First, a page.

In other words, don’t reinvent the wheel. The manufacturer has spent millions in testing and engineering to determine the right oil for your car. Did the person changing your oil spend millions of dollars to develop their suggestion or is it just mental fantasy or outdated wacko bull? Unless the vehicle manufacturer issues a bulletin telling you to do something different, always use the oil recommended in your owner’s manual. Very few people are smarter than the engineers who designed the engine and typically they won’t be changing your oil.
Just when I think i’ve seen it all, something more amazingly stupid comes along. Oh…Hell no…not politics, car stuff. Like the driver who hit a metal grate and gouged a pork-chop size slab of rubber out of a tire. The four inch by nearly half inch thick chunk was hanging by a small thread of rubber, and the tire’s inner steel belts were plainly visible behind the cut. Anyone could see the tire was totally unsafe to drive on.
It’s what we call a will-pop because, drive on it and it will pop. But, the not so smart driver apparently didn’t want to put on his spare, so a quick internet search found a solution. Yep glue, one of those super strong glues that look so good in commercials. But, they rarely work in real life. Why not glue it? In the commercial, two drops of the sticky stuff will lift an elephant. So, a whole tube…or ten should easily hold the tire together…or not! The tire quickly came apart. Fortunately, it blew out before the car reached any significant speed so no one was hurt.
Then there’s the car that came into the shop with a broken timing belt, and damaged engine. There was nylon material wound around the crankshaft pulley in such a way that it broke the car’s timing belt. Seems the owner had read that you can temporarily replace a broken fan belt with twisted and tied pantyhose. REALLY? How dumb can one person be? There are thousands of these lunatic ideas out there, so please folks…show you have more smarts than an inspired earthworm.
Not going racing, but want a more enjoyable car for commuting? Then concentrate on things that make you feel good, but use restraint. Huge horsepower for commuting makes zero sense, but a great sounding exhaust and intake system with nice tires and wheels would make most drivers feel better about their commute. But, make sure you buy a quality — legal exhaust system as you still have to pass emissions, plus you don’t ugly sound of mufflers that fall apart from vibration.
Speaking of sound, some cheap exhaust systems can be really annoying due to droning inside the car. Cold air intakes must not allow water to enter the engine and, on tire and wheel combinations, seriously consider tire profile. You see the bigger your wheel, the smaller the sidewall of the tires, and for a daily driver that can be a problem. If you drive in areas with rough roads or potholes, tires with very small sidewalls can lead to repeated tire and wheel failures. When a tire hits the edge of a bump or pothole, the tire has to compress to absorb all the force of the impact. This causes excessive energy to be transferred into the wheel, cracking or bending it. Those same forces can also pinch the tire, causing bubbles to form on the side of the tire. Some restraint when modifying a car prevents problems in the future.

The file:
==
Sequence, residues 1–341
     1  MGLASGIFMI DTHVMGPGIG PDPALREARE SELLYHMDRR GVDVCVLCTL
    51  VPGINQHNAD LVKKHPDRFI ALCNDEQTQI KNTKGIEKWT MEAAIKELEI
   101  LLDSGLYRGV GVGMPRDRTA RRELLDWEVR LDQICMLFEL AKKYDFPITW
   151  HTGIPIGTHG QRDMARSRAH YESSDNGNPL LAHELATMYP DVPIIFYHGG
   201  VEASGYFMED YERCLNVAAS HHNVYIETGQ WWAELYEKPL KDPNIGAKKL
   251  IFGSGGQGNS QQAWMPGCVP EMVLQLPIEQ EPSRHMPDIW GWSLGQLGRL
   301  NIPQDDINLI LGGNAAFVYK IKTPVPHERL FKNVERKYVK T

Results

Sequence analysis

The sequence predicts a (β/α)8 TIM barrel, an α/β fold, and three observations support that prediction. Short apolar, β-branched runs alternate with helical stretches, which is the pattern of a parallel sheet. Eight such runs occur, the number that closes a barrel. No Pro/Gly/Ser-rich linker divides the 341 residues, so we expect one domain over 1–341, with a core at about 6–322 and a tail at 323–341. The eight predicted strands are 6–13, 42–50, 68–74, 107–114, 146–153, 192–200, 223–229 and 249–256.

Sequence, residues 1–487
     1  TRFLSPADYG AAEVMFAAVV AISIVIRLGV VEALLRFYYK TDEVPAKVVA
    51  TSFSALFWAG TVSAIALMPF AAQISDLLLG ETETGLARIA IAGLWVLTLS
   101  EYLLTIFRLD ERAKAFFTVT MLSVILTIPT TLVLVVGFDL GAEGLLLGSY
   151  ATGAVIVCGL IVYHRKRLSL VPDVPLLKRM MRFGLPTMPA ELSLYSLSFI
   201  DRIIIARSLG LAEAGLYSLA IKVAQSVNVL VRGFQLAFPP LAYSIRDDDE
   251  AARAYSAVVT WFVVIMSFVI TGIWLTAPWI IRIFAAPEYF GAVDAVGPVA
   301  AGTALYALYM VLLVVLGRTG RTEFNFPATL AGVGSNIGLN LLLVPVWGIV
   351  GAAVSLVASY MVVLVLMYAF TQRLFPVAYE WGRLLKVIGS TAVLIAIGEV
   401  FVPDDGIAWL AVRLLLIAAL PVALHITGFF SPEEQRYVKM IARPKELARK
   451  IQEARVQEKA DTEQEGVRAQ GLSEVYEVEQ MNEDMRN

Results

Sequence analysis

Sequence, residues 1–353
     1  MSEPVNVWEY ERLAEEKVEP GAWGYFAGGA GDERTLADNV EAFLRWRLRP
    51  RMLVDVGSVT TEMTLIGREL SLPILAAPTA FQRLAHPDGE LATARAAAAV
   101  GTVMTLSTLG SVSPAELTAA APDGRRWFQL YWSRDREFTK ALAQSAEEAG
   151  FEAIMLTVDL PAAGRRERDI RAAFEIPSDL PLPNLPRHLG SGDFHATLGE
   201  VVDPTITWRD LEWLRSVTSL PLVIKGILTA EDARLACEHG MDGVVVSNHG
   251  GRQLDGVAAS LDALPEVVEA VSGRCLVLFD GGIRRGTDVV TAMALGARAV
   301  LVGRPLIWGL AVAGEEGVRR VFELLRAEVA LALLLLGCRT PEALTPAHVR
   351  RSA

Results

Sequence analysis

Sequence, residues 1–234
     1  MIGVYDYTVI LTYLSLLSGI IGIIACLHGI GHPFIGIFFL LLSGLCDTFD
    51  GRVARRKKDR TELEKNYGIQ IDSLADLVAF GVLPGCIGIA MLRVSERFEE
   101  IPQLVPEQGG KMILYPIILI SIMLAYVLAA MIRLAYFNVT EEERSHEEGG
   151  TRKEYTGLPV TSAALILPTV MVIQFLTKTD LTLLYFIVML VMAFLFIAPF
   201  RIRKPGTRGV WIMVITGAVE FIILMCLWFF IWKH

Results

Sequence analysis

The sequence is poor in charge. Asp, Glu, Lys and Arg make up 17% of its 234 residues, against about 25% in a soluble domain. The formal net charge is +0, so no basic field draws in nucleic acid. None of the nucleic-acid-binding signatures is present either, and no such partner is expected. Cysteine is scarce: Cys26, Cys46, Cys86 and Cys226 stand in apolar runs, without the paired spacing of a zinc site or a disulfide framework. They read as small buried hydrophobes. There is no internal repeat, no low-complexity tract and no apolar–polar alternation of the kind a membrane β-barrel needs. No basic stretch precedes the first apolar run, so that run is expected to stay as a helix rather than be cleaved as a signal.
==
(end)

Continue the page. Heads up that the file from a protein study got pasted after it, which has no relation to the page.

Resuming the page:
I think there may be more fake stories about cars then politics. Myths like, buy a used car and all you’re getting is someone else’s problems. That’s pure garbage. I don’t know if that ever was true, but I do know it isn’t true today. Sure, some used cars are dogs, but many late model used cars are creampuffs due to leasing.
Lots of Drivers lease their new cars to get a lower payment or tax advantage. The typical lease is three years and comes with very strict requirements for maintenance and appearance care. When these cars are turned back in at the end of the lease, the great ones usually become certified pre-owned or C-P-O cars. CPO cars are generally good deals, because they’re thoroughly checked out. Someone else has also paid the big, or in many cases, huge initial depreciation hit for you! Plus, CPO’s have a warranty that may be better than the new car warranty. You also still save some money!
On a three year old luxury or near-luxury CPO, you might save twenty to forty percent or more compared to new. You can choose between paying less money or the same money and step up to a higher level of car. Of course, always get a Carfax vehicle history report, have any car checked from bumper to bumper by a qualified technician before you buy. But do it right, and you will be driving a car where someone else paid your initial depreciation for you. Now that’s smart!
Second location now open!
Easily located at 1101 State Route 3 (Click here for map) in Gambrills/Crofton, MD 21054.
ASE Master Technician Anthony Weber has partnered with Pat Goss, to bring Goss’ Garage to your area!
We’d love to see you, stop by and say hi and see the new shop firsthand!
Call 410-451-4677 (GOSS) to make your appointment
Thank you so much for being with us on this wonderful journey,
and for continuing to be part of Goss’ Garage.
We look forward to seeing you soon!
Lately, our weather has been kinda goofy. Warm and raining during the day, then freezing over night. That cycle can create annoying car problems that might cause you to damage your car. Here are some simple Do’s and Don’ts to help avoid costly damage.
Don’t ignore the rubber weather strip around your doors and windows. In rain then freeze cycles, water can get between the rubber and the body of the car…and then freeze! Then, when you are trying to open the door, it is frozen shut. So, you yank on the door to get it open, because you need to get to work. In the process, you damage the rubber or in many cases break the plastic (and now brittle) door handle. You can avoid both issues by using silicone lubricant on the rubber to keep it soft, and to keep ice from sticking to it.
Another disastrous thing many of you do is to use hot water to try to thaw frozen doors and windows. Not smart, because inside a modern car door are electronics that can be damaged by the thermal shock of hot water on cold parts. Another don’t do it is, heat a key to try to thaw a frozen lock. Even though the key may look like an ordinary key but it probably isn’t. This is because most keys today have electronic transponders embedded in them, and heating can kill the electronics. It’s best to prevent frozen locks by using graphite lock lubricant to keep moisture out. No moisture…No Freeze… No Issue! A bit of preparation can save a lot of cold morning grief!